India was among 137 members of the UN General Assembly that voted on Friday to approve a resolution, which "strongly" condemns all violence and human rights violations in Syria and supports Arab League efforts to resolve the nearly year long crisis in the country.
The resolution, adopted by a vote of 137 in favour to 12 against with 17 abstentions, also called on Syria "to immediately put an end to all human rights violations and attacks against civilians."
The vote, though non-binding in nature, is seen as a strong rebuke to President Bashar Al Assad's continued and bloody crackdown on protesters during the pro-democracy uprising that began in March last year.
In explaining India's vote on the UNGA resolution, Permanent Representative Ambassador Hardeep Singh Puri said, "We think that prolonged instability and unrest in Syria have serious implications for peace and stability in the wider region. We strongly condemn all violence, irrespective of whoever the perpetrators are. We also condemn all violations of human rights.
"Our support for the resolution adopted by this Assembly today is in accordance with our support for the efforts by the Arab League for a peaceful resolution of the crisis through a Syrian-led inclusive political process," Puri added.
Among the nations to oppose the resolution in the 193-member General Assembly were China, Russia, Iran, Venezuela and North Korea.Speaking before the vote in the Assembly, Syrian Ambassador Bashar Ja'afari called the draft a "biased" text that has nothing to do with the situation in his country.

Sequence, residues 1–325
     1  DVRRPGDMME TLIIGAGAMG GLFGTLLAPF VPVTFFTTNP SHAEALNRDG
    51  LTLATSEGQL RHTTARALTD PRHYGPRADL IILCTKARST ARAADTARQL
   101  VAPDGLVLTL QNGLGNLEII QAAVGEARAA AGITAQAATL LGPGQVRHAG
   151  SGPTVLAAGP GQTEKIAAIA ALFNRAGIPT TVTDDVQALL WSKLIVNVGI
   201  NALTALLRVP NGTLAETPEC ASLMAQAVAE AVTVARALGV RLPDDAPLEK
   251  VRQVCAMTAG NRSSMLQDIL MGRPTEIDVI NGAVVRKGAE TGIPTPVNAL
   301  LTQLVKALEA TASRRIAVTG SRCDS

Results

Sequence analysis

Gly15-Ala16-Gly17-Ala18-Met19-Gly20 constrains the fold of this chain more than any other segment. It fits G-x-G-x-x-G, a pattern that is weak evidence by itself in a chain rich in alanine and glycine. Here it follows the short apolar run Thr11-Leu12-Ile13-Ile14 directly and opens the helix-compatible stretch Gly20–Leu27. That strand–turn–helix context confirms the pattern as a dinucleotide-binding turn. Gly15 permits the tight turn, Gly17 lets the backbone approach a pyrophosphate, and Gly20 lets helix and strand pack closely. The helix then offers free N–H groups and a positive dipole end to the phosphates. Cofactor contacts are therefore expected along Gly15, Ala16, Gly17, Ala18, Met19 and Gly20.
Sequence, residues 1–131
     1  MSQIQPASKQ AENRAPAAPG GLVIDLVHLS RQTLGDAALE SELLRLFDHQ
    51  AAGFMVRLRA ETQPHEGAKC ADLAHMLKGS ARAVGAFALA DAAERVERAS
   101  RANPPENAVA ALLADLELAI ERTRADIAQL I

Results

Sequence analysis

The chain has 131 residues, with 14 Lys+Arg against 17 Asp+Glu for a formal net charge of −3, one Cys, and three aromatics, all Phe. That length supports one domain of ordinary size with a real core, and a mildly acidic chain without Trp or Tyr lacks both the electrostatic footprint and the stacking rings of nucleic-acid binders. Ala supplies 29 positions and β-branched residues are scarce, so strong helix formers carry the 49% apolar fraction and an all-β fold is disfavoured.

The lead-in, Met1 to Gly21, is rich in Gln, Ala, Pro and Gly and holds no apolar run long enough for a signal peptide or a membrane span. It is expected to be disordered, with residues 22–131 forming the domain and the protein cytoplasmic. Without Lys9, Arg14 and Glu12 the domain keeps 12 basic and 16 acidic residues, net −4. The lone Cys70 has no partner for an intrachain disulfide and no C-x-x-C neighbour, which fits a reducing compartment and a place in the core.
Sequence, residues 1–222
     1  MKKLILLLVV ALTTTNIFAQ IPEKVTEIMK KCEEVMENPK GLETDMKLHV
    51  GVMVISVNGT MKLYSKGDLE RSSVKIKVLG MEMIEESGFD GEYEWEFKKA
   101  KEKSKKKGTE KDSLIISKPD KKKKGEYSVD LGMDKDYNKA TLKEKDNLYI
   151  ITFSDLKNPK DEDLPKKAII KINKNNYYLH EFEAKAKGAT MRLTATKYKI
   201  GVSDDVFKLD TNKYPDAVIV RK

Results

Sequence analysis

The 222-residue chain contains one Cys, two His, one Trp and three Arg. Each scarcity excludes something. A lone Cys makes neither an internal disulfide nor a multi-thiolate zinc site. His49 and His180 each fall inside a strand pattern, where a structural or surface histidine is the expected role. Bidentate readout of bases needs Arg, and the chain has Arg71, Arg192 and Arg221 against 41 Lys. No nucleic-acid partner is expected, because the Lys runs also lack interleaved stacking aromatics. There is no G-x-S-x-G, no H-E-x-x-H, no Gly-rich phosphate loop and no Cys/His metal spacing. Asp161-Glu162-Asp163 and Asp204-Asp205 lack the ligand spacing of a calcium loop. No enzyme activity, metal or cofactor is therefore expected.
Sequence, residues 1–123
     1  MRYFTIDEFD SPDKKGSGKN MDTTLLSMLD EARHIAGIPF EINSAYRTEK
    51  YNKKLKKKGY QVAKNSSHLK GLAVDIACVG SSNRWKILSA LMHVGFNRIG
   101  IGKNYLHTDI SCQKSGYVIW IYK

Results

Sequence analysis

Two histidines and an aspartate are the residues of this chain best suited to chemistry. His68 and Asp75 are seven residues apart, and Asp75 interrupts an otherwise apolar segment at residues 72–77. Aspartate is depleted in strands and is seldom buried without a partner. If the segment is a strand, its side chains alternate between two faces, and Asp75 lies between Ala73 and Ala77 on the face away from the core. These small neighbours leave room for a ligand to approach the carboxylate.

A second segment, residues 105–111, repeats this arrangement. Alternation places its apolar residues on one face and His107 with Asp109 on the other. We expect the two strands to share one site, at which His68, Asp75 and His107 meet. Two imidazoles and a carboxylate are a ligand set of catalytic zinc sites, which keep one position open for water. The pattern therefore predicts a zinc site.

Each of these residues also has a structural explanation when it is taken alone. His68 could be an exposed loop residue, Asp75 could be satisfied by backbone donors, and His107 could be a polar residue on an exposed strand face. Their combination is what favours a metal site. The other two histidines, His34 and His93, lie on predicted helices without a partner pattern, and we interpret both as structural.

France, Britain to help opposition
Meanwhile, France and Britain have pledged to help the Syrian opposition in its struggle against Bashar al-Assad's regime but said conditions were not right for a foreign intervention as in Libya.
Meeting for a summit in Paris, French President Nicolas Sarkozy and British Prime Minister David Cameron expressed support for a conference to form an international coalition dubbed the Friends of Syria next week in Tunis.
"We cannot accept that a dictator massacre his own people, but the revolution will not be brought from outside, it will rise from inside Syria, as it has done elsewhere," Sarkozy said.
NYT correspondent Shadid dies in Syria
In a separate development, New York Times correspondent Anthony Shadid had been shot in the West Bank in 2002 and kidnapped for six days in Libya last year, but it was an apparent asthma attack that killed the two-time Pulitzer Prize winner in Syria while he was reporting on the uprising against its president.
Shadid, who died Thursday at age 43, strove to capture untold stories in Middle East conflicts from Libya to Iraq.